Charente (French pronunciation: [ʃa.ʁɑ̃t], Saintongeais:
Chérente, Occitan: Charanta) is a department in southwestern France,
Nouvelle-Aquitaine region, named after the
Charente River, the
most important river in the department, and also the river beside
which the department's two largest towns,
Angoulême and Cognac, are
7 Sources and further reading
8 See also
9 External links
Charente is one of the original 83 departments created during the
French Revolution on 4 March 1790. It was created from the former
province of Angoumois, west and south of Saintonge.
Prior to the creation of the department, the area was not a natural
unit, but much of it was commercially prosperous thanks to traditional
industries such as salt and cognac production. Although the river
Charente became silted up and was unnavigable for much of the
twentieth century, in the eighteenth century it provided important
links with coastal shipping routes both for traditional businesses and
for newly evolving ones such as paper goods and iron smelting.
The accelerating pace of industrial and commercial development during
the first half of the nineteenth century led to a period of
prosperity, and the department's population peaked in 1851. During
the second half of the nineteenth century Charente, like many of
France's rural departments, experienced a declining population as the
economic prospects available in the cities and in France's overseas
empire attracted the working age generations away. Economic ruin came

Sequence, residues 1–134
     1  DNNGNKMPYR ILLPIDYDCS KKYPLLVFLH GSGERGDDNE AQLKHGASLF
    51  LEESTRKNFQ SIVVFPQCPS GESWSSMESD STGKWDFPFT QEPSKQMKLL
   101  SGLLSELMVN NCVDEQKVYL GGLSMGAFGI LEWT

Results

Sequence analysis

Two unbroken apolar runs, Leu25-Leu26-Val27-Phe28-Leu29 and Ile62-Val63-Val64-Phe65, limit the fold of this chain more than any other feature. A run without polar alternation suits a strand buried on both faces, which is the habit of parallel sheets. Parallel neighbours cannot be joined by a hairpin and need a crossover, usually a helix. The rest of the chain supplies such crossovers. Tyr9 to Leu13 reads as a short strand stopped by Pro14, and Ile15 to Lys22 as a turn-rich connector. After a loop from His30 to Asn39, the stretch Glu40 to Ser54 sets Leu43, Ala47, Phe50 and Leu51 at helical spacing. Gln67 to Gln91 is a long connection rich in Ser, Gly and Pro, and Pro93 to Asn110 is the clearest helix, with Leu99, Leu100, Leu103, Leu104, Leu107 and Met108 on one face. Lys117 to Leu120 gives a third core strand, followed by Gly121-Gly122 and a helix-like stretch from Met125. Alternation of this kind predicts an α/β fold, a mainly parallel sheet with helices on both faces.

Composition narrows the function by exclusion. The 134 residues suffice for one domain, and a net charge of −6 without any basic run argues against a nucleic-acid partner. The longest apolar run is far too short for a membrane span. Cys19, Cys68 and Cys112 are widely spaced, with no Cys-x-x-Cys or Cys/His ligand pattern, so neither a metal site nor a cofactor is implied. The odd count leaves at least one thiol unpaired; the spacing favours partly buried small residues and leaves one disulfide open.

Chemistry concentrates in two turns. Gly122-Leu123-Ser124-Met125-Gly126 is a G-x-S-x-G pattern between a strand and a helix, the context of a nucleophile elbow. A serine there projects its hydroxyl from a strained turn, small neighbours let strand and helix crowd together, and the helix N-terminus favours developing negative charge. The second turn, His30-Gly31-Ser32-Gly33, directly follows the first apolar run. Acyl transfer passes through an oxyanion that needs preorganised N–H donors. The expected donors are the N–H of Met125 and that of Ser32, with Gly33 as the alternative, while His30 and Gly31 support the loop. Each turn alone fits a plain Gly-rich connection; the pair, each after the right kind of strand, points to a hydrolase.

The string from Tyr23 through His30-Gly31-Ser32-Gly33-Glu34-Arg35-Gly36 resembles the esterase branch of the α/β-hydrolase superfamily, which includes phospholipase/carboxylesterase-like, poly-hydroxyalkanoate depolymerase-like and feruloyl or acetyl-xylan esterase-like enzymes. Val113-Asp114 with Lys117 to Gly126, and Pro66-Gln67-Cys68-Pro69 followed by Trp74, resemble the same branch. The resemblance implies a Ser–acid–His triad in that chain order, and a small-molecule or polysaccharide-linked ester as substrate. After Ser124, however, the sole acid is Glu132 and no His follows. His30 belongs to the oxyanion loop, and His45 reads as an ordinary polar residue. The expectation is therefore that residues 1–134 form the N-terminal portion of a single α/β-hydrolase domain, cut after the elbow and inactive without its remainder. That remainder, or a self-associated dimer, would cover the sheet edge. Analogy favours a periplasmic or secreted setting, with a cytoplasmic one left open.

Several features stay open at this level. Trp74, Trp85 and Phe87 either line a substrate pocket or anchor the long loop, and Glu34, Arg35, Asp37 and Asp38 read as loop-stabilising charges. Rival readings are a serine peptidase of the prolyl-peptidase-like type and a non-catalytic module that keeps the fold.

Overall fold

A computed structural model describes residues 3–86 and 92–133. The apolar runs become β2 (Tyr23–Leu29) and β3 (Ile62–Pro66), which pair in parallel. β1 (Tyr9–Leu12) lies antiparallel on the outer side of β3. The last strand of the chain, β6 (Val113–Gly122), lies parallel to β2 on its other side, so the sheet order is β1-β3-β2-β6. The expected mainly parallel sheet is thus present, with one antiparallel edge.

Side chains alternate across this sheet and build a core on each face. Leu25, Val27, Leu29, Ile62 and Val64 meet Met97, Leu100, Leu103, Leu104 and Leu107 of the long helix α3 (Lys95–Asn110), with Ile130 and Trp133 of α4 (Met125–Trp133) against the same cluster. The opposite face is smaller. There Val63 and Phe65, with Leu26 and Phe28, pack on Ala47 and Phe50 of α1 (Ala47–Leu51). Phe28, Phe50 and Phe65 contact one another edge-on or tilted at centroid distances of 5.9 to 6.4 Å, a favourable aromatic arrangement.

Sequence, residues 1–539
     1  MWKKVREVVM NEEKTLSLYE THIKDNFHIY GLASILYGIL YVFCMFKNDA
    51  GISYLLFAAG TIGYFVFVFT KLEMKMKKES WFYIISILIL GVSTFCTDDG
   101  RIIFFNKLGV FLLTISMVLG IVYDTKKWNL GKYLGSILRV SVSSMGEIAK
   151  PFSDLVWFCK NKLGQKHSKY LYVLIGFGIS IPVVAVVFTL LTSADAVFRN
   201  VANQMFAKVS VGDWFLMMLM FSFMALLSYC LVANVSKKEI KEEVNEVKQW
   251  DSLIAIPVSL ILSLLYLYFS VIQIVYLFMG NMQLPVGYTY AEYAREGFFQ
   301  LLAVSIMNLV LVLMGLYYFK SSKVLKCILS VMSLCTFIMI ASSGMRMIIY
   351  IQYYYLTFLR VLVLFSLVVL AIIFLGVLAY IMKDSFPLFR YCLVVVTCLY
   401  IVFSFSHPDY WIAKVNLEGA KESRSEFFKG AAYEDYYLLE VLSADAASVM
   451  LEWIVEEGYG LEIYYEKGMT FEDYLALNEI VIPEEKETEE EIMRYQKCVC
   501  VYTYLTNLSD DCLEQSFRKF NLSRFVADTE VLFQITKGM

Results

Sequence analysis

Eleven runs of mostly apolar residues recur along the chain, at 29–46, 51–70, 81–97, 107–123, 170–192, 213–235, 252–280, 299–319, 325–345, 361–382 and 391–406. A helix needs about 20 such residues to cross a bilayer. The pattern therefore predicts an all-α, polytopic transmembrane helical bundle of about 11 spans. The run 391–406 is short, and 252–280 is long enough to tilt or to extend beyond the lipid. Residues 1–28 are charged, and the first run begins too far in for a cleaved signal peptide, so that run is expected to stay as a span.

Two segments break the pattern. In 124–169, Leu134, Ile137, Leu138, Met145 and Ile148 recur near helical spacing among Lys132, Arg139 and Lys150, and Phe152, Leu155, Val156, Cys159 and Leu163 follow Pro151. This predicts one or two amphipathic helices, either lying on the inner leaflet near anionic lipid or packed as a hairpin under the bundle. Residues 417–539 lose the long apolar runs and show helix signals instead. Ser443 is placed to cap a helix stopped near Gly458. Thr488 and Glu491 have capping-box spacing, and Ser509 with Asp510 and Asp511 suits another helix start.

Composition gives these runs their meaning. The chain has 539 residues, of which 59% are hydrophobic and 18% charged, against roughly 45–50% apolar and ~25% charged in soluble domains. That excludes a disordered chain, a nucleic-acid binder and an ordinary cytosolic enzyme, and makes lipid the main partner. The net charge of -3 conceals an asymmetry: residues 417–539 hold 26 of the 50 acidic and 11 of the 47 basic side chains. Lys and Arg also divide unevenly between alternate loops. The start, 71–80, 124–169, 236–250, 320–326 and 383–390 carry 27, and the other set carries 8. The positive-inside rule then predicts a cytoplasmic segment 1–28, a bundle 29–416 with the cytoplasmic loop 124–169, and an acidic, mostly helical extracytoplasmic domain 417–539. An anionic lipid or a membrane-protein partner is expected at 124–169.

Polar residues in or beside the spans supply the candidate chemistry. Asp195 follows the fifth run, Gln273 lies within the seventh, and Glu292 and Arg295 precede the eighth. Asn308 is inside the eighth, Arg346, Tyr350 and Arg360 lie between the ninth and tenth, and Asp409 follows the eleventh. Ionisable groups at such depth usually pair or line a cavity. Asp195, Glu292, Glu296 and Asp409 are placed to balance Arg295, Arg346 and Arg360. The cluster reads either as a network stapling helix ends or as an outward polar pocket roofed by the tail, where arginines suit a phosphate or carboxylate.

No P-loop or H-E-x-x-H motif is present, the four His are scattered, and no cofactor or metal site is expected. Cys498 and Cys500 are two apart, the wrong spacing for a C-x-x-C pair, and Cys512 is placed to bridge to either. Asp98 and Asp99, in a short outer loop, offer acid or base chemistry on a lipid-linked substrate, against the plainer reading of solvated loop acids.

to many in the Charentais wine industry with the arrival in 1872 of
During the twentieth century, the department with its traditional
industries was adversely impacted by two major world wars and even in
the second half of the century experienced relatively low growth, the
overall population remaining remarkably stable at around 340,000
through the second half of the twentieth century, although industrial
and commercial developments in the conurbation surrounding Angoulême
have added some 10,000 to the overall population during the first
decade of the twenty-first century.
The relatively relaxed pace of economic development in the twentieth
century encouraged the immigration of retirees from overseas. Census
data in 2006 revealed that the number of British citizens residing in
the department had risen to 5,083, placing the department fourth in
this respect behind Paris,
Dordogne and Alpes-Maritimes.
It is part of the
Aquitaine Basin for its major part, and of the
Massif Central for its north-eastern part. The
Charente flows through
it and gave its name to the department, along with Charente-Maritime.
It is composed with the historical region of
Angoumois and contains
part of the regions of Saintonge, Limousin,
Périgord and Poitou.
The department is part of the current region of Nouvelle-Aquitaine. It
is surrounded by the departments of Charente-Maritime, Dordogne,
Vienne and Deux-Sèvres. Its capital is Angoulême.
The inhabitants of the department are called Charentais.
The President of the General Council is
Michel Boutant of the
Union for a Popular Movement
French Communist Party
Cognac and pineau are two of the major agricultural products of the
region, along with butter. The Charentaise slipper (a type of slipper
made from felt and wool) is another well-known traditional product.
Abbey of La Couronne
Château de la Faye
Sources and further reading
^ Jean Combes (dir.) et Michel Luc (dir.), La
Charente de la
préhistoire à nos jours, Imprimerie Bordessoules, coll.
« L'histoire par les documents », 1986, 429 p.
Charente libre du 4 janvier 2010
^ "The thoroughly modern Charentaise slipper", 2 March 2012. Accessed
1 April 2013
Cantons of the
Communes of the
Arrondissements of the
"Charente". Encyclopædia Britannica. 5 (11th ed.). 1911.
(in French) Prefecture website
(in French) General Council website
Departments of France
90 Territoire de Belfort
973 French Guiana
Metropolis with territorial collectivity statute